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Materials 2014, 7(8), 5427-5437; doi:10.3390/ma7085427

Wood Colorization through Pressure Treating: The Potential of Extracted Colorants from Spalting Fungi as a Replacement for Woodworkers’ Aniline Dyes

1
Department of Wood Science & Engineering, 119 Richardson Hall, Oregon State University, Corvallis, OR 97331, USA
2
School of Forest Resources and Environmental Science, Michigan Technological University, 1400 Townsend Dr., Houghton, MI 49931, USA
*
Author to whom correspondence should be addressed.
Received: 8 May 2014 / Revised: 18 June 2014 / Accepted: 17 July 2014 / Published: 24 July 2014
(This article belongs to the Special Issue Advances in Colorants 2014)
View Full-Text   |   Download PDF [824 KB, uploaded 24 July 2014]   |  

Abstract

The extracellular colorants produced by Chlorociboria aeruginosa, Scytalidium cuboideum, and Scytalidium ganodermophthorum, three commonly utilized spalting fungi, were tested against a standard woodworker’s aniline dye to determine if the fungal colorants could be utilized in an effort to find a naturally occurring replacement for the synthetic dye. Fungal colorants were delivered in two methods within a pressure treater—the first through solubilization of extracted colorants in dichloromethane, and the second via liquid culture consisting of water, malt, and the actively growing fungus. Visual external evaluation of the wood test blocks showed complete surface coloration of all wood species with all colorants, with the exception of the green colorant (xylindein) from C. aeruginosa in liquid culture, which did not produce a visible surface color change. The highest changes in external color came from noble fir, lodgepole pine, port orford cedar and sugar maple with aniline dye, cottonwood with the yellow colorant in liquid culture, lodgepole pine with the red colorant in liquid culture, red alder and Oregon maple with the green colorant in dichloromethane, and sugar maple and port orford cedar with the yellow colorant in dichloromethane. The aniline dye was superior to the fungal colorants in terms of internal coloration, although none of the tested compounds were able to completely visually color the inside of the test blocks. View Full-Text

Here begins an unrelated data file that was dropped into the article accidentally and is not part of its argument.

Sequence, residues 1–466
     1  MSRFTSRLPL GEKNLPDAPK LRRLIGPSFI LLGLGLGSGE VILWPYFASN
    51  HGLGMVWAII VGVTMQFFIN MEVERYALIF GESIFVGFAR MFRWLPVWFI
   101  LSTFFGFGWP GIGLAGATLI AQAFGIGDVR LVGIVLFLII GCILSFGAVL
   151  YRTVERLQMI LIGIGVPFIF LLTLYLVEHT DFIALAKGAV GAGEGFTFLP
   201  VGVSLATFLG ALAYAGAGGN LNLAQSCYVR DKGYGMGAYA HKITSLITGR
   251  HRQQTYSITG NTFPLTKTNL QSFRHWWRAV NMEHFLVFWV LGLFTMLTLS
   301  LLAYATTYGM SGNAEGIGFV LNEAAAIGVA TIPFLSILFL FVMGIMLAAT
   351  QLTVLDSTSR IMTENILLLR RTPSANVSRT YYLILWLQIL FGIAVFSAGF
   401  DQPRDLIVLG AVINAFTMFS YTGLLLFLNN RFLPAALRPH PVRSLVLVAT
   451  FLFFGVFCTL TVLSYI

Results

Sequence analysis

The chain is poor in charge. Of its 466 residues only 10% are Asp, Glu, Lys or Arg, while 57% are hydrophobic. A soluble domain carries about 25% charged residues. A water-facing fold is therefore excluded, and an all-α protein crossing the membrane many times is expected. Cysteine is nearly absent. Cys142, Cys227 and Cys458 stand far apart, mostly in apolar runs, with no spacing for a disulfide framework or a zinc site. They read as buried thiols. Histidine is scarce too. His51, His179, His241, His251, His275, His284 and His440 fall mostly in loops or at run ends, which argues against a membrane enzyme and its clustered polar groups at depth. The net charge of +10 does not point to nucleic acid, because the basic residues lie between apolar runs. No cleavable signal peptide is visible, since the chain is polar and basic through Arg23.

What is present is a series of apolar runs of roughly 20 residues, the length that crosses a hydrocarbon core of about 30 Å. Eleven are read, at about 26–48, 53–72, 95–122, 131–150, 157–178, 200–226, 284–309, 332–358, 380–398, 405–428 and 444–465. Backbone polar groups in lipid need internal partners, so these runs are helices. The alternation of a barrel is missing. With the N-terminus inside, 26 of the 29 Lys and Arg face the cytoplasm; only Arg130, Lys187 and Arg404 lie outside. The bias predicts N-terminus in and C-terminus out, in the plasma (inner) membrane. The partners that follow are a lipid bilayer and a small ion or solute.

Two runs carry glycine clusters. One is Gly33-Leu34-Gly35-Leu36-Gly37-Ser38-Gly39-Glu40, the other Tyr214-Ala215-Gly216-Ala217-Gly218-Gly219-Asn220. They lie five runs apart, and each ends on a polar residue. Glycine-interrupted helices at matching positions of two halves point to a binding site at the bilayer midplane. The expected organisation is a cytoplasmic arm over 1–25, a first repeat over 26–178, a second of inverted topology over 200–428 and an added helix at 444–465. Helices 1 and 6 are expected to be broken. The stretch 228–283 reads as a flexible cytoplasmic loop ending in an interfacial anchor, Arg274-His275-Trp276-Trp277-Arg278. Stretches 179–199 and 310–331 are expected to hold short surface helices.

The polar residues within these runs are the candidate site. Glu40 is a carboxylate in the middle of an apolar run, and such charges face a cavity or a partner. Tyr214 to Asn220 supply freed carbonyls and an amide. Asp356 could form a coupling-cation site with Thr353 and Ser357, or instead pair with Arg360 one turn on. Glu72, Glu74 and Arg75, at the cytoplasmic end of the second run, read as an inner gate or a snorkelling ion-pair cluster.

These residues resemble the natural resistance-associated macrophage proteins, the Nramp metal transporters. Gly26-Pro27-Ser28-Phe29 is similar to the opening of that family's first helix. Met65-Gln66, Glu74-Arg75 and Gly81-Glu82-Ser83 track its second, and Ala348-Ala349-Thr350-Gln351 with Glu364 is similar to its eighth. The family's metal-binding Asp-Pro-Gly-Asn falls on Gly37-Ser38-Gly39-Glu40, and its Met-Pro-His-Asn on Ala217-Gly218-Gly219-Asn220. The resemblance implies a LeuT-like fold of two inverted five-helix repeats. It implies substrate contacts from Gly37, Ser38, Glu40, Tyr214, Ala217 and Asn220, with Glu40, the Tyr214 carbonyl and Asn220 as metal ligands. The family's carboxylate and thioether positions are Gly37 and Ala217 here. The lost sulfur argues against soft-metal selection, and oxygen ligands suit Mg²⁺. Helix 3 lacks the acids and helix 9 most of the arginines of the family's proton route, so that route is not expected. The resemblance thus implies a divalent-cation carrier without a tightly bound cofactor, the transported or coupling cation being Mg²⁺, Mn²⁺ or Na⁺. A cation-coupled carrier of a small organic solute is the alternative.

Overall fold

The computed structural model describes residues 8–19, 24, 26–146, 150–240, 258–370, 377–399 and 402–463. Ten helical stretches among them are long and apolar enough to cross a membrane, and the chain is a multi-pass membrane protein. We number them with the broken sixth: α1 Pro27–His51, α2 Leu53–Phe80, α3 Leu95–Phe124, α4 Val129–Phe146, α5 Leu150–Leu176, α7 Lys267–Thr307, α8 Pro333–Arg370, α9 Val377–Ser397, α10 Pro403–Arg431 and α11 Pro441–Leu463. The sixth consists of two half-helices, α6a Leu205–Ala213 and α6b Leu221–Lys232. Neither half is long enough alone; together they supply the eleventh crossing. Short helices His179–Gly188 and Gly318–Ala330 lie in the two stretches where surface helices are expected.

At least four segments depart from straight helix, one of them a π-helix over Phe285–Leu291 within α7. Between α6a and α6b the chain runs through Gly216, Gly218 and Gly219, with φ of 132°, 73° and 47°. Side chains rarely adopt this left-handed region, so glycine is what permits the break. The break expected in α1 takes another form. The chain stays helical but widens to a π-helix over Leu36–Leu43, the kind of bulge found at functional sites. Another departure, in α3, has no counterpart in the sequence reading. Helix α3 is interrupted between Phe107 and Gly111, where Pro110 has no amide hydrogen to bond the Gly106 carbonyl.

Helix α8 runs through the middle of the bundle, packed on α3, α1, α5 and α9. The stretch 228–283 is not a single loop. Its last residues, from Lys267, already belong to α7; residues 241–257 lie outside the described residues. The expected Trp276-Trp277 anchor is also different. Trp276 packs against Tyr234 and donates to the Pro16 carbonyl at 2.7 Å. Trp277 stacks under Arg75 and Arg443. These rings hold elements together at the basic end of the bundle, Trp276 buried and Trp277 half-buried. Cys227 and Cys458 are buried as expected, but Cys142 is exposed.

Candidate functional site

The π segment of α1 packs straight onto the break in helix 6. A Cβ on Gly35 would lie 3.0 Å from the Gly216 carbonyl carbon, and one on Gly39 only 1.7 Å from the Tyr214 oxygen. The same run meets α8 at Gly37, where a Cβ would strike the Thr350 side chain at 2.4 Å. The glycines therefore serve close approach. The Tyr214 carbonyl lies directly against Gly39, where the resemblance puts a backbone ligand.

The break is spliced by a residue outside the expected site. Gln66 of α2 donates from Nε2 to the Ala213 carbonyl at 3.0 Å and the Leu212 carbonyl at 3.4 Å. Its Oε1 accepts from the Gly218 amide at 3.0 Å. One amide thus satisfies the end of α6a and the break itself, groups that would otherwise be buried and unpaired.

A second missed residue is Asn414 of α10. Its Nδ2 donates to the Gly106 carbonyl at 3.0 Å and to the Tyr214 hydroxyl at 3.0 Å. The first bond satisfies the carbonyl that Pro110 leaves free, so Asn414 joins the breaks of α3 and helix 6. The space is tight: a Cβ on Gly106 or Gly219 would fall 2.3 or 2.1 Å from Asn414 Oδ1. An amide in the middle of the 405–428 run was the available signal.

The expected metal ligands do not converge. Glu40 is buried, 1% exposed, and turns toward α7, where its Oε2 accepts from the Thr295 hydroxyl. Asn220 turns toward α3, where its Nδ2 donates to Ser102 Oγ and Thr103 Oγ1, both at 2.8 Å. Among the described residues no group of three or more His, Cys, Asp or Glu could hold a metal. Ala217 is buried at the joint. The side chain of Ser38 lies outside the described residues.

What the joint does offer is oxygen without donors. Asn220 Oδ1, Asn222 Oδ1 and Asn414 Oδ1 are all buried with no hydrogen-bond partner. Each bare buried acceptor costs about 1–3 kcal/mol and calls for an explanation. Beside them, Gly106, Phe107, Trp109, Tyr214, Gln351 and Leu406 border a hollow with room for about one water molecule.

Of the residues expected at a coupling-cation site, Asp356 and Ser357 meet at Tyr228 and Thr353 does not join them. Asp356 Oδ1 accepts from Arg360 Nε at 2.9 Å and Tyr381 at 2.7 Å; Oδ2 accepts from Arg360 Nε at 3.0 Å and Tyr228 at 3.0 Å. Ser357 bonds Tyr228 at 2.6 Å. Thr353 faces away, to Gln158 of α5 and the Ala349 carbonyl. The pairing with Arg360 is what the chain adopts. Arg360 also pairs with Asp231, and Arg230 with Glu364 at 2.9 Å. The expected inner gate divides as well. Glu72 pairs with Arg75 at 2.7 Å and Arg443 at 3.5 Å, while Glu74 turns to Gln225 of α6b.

Keywords: aniline dye; Chlorociboria spp.; Scytalidium spp.; spalting aniline dye; Chlorociboria spp.; Scytalidium spp.; spalting
This is an open access article distributed under the Creative Commons Attribution License (CC BY 3.0).

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MDPI and ACS Style

Robinson, S.C.; Hinsch, E.; Weber, G.; Leipus, K.; Cerney, D. Wood Colorization through Pressure Treating: The Potential of Extracted Colorants from Spalting Fungi as a Replacement for Woodworkers’ Aniline Dyes. Materials 2014, 7, 5427-5437.

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